Between the Environmental Protection Agency’s (EPA) multiple significant new alternatives policy (SNAP) rulings on refrigerants and the Department of Energy’s (DOE) energy reduction mandates, complying with these regulations has been a primary concern for commercial refrigeration original equipment manufacturers (OEMs).
In preparation for these regulatory changes, Emerson Climate Technologies, Inc., a company of Emerson (NYSE: EMR), has undertaken significant research, development and testing programs in order to help refrigeration OEMs achieve compliance.
“Individually, the DOE’s and the EPA’s rulings present significant challenges. Combined, they become increasingly more difficult to address,” said Kurt Knapke, vice president, engineering and electronics, Emerson Climate Technologies. “As a component manufacturer, we don’t have the luxury of waiting to see what happens next. And as a company, we strive to maintain a proactive posture by relentlessly pursuing a multitude of potential solutions. So our approach to this challenge has remained consistent throughout: to rigorously engineer and evaluate component performance against potential regulatory scenarios. As a result, we can confidently say we are prepared to address both the EPA and DOE compliance challenges.”
One of the challenges presented by the rulings that Emerson Climate Technologies has prepared for is the duplication of efforts that may be required for OEMs to be in compliance with both the EPA and DOE regulations.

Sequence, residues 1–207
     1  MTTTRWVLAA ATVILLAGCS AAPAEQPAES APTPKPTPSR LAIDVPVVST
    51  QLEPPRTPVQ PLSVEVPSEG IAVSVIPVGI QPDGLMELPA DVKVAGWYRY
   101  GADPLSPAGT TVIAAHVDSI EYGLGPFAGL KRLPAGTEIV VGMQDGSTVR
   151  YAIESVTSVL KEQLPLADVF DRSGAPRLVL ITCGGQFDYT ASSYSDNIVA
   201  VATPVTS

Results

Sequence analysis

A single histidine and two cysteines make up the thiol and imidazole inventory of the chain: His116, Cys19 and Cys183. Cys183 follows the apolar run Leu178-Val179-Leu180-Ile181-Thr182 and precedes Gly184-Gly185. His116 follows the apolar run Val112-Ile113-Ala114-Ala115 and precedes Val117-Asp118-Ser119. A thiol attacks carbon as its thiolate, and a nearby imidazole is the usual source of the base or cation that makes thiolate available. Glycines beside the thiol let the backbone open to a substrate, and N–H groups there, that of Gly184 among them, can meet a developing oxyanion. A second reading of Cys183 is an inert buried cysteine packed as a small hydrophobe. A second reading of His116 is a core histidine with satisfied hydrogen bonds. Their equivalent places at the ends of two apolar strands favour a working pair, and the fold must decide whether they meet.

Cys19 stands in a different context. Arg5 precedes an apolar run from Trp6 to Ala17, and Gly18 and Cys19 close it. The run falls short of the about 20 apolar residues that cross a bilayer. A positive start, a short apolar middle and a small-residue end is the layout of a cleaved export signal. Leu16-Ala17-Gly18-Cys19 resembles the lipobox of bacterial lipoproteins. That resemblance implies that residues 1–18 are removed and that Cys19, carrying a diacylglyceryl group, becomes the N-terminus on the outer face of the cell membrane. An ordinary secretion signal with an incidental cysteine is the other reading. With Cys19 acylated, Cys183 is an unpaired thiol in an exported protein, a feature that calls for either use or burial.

“The last thing we want is to develop solutions and systems that meet DOE compliance today, and then repeat that exercise in two or three years for the EPA. This scenario would result in unnecessary costs and duplication of efforts,” said Dr. Rajan Rajendran, vice president of system innovation center and sustainability at Emerson Climate Technologies.
Meeting this objective will require the coordination of all constituents in the commercial refrigeration supply. For example, component suppliers, equipment manufacturers and test laboratories will need to have resources available to handle the increased workload of the qualification process.
“Let us not forget that this process is linear,” Rajendran added. “We first need the refrigerants to be made available and components to become widely produced. Only then can equipment manufacturers begin to test, approve and place new equipment into production. To the extent possible, our industry should pursue refrigeration technologies that achieve both DOE and EPA regulatory compliance at once. This will be no small task, but Emerson Climate Technologies is prepared to do its part to address these challenges.”
<a href="http://refcatalog.com/wp-content/uploads/2015/11/emerson_tabl.jpg"><img class="alignnone size-full wp-image-605" src="http://refcatalog.com/wp-content/uploads/2015/11/emerson_tabl.jpg" alt="emerson_tabl" width="520" height="212" /></a>
Both DOE and EPA rulings take effect in the 2017–2020 time frame. But, the effective dates of respective rulings don’t necessarily correspond. To avoid a duplication of efforts, OEMs should satisfy both requirements in one product development cycle.
Source: <a href="http://www.emersonclimate.com/en-us/About_Us/News/News_Releases/Pages/emerson-climate-technologies-prepared-to-help-refrigeration-oems-achieve-compliance-with-recent-epa-doe-rulings.aspx" target="_blank">Emerson Climate Technologies</a>